Another piece of the electronic health record puzzle is now in place, at least for parents in Indiana. MyVaxIndiana lets Hoosiers download a copy of vaccination records.
The process is fairly straightforward. A parent first requests a PIN number from a pediatrician or the county health department. That number allows the parent or individual to make a request of the Children and Hoosier’s Immunization Registry Program system. If all goes well, the system returns a PDF version of the child’s vaccine record.
The Office of the National Coordinator for Health Information Technology sent Deputy National Coordinator for Policy and Programs Judy Murphy to the rollout event last month and praised the new site in a blog post last week:
The concept for this innovative approach and aggressive timeline was established during the State HIE Consumer Innovation Challenge meeting in Chicago, when representatives from Indiana’s state-designated entity for enabling statewide health information exchange, Indiana Health Information Technology Inc, and the Children and Hoosiers Immunization Registry Program, came together to create a plan of action. Within months, Indiana had introduced a live pilot program that included local health departments, hospitals, private medical facilities, and a public primary school.
The ONC is using the Indiana program as an example for more states to follow as part of its Individual Access to Immunization Registries Initiative. ONC is working with state-level stakeholders to give more people access to their immunization records. (Their next project should be state-level campaigns to promote all the research that shows vaccines are safe.)
State Health Commissioner Gregory Larkin said that very few states have made vaccination records available to parents or guardians.
“We had in-house expertise entirely to develop the site and we did all the work within about a three and a half month window,” Larkin said.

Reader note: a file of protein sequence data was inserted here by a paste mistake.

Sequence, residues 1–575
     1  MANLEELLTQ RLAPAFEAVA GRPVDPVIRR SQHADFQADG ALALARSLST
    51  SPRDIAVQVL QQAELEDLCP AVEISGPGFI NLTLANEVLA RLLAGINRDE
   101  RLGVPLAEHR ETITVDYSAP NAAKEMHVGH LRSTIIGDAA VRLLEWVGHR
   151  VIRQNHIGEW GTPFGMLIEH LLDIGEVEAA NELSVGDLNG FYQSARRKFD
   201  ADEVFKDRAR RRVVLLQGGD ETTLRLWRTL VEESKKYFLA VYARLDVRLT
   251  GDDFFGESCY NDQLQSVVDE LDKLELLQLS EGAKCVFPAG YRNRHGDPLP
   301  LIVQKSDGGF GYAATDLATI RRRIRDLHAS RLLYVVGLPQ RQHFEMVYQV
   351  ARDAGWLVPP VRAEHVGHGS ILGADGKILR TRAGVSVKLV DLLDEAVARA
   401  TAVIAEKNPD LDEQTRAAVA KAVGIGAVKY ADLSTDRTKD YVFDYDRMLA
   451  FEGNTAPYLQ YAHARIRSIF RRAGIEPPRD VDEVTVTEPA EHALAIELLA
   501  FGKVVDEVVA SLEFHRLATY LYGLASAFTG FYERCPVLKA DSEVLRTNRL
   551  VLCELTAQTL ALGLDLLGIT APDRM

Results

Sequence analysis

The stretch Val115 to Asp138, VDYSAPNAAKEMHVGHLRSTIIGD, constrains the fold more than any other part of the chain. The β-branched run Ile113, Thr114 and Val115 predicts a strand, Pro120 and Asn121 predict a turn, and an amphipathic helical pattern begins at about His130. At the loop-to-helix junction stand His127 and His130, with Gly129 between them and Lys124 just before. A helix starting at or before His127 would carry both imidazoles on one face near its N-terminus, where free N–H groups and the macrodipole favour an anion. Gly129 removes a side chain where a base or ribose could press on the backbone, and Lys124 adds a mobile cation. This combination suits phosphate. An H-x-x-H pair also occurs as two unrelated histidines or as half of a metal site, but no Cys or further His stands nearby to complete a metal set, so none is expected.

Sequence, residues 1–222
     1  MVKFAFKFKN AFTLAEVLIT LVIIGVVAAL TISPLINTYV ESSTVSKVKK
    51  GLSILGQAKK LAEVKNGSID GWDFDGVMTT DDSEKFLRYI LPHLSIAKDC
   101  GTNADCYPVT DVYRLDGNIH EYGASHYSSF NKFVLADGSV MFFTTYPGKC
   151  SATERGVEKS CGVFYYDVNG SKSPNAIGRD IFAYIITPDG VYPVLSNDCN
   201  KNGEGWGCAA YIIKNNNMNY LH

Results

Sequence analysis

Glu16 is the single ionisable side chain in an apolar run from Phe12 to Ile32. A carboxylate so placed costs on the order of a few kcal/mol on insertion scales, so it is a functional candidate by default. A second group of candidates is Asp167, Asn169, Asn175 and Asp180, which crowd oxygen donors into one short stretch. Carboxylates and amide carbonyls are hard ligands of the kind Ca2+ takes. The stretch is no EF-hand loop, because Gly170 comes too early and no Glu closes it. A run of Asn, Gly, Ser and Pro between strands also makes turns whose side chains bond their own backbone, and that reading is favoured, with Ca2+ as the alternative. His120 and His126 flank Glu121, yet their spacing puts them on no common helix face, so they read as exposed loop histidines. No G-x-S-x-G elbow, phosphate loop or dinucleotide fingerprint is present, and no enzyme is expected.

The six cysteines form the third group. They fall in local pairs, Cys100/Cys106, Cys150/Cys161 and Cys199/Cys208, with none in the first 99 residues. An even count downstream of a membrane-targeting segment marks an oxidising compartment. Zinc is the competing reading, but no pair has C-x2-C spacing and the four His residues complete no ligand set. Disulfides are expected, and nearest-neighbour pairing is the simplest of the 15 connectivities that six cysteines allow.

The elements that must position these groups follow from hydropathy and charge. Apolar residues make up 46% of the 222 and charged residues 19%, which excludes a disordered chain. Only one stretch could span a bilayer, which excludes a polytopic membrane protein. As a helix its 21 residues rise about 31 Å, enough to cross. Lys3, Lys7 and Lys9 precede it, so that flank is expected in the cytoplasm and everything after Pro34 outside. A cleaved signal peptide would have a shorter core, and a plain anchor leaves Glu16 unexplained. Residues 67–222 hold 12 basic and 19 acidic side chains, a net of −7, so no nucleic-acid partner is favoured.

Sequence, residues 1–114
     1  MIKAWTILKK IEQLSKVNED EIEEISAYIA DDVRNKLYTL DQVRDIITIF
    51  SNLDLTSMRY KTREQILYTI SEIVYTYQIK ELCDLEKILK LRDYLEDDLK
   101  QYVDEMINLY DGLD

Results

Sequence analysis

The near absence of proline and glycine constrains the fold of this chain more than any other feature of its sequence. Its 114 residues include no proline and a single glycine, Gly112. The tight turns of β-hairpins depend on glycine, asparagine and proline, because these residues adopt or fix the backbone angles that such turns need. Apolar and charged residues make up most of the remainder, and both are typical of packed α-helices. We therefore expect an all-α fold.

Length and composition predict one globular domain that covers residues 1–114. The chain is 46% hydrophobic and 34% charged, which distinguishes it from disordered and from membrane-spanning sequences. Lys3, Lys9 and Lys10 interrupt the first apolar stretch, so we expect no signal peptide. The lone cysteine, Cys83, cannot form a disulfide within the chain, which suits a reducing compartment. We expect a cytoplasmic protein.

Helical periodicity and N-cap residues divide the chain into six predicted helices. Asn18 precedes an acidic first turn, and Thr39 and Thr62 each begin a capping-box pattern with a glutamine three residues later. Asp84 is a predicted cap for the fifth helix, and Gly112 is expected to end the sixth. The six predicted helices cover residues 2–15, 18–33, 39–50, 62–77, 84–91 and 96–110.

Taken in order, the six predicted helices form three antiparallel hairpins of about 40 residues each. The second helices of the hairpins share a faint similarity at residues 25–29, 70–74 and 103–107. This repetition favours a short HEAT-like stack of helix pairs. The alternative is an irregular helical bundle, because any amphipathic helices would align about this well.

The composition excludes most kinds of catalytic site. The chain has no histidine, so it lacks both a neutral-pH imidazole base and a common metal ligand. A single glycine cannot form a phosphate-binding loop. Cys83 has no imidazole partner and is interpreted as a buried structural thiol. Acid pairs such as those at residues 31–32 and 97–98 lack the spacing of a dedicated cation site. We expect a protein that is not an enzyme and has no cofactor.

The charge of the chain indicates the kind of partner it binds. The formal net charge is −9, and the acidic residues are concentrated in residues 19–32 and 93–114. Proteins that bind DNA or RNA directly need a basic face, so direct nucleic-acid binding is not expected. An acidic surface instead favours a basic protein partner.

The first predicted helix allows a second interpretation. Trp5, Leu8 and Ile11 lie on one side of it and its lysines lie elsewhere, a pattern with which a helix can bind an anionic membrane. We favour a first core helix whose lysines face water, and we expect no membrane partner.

An app and integration with personal health records are planned for Vax 2.0.
“We are working on a smart phone application and working with personal health infomation organizations like NoMoreClipboard so patients can directly download the vaccine information into their own electronic records.”
Does it work?
Conveniently, I live in Indiana and have two little kids, so I could put the system to the test. The site is less than a month old at this point, so I was prepared for a few bumps.
I checked the list of CHIRP providers, saw that my pediatrician was on it (not private physicians all are), and called to get my PIN number. Although I love the doctors and nurses at this practice, they are not the most wired office.
The nurse’s first reply was, “You don’t have access to CHIRP.” Then she checked around for a PIN and admitted she didn’t have one to give me.
I tried the county health department next and the nurse there was very helpful. Her Internet connection was down when I called, but she did call me back when she was able to access the information.
I needed one PIN number for each kid; one worked and the other didn’t. The PDF looked just like my outdated paper copy, but at least I didn’t have to scan it in.
The best part of the system is that I can get another copy if I lose track of this one, which is much better than making a trip to the health department or the doctor’s office.
Now I just need to call the health department back to get the right PIN number for my youngest son.